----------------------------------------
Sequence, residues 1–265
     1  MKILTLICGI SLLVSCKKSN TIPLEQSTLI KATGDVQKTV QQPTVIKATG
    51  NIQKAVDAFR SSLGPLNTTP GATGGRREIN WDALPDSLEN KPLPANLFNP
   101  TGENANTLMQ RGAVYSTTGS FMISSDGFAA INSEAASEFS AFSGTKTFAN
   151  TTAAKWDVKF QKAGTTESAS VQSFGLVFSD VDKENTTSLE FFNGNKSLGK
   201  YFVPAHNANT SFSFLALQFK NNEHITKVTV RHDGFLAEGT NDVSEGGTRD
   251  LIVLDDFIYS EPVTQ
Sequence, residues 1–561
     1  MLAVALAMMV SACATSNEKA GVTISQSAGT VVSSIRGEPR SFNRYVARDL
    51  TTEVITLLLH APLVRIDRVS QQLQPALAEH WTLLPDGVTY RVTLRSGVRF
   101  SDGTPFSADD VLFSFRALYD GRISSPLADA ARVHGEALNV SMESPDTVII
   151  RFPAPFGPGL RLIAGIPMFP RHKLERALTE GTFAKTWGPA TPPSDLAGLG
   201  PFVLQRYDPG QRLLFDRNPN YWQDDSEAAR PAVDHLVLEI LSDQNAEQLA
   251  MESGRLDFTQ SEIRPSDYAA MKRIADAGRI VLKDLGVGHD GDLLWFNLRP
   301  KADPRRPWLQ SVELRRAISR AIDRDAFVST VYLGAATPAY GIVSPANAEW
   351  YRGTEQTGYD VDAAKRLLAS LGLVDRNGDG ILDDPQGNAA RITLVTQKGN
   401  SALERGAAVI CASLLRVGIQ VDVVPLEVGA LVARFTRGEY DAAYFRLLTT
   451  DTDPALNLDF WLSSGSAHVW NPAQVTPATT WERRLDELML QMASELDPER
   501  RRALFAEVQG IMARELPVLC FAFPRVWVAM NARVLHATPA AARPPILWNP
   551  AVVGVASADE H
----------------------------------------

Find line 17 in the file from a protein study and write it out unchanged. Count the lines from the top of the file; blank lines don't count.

   401  SALERGAAVI CASLLRVGIQ VDVVPLEVGA LVARFTRGEY DAAYFRLLTT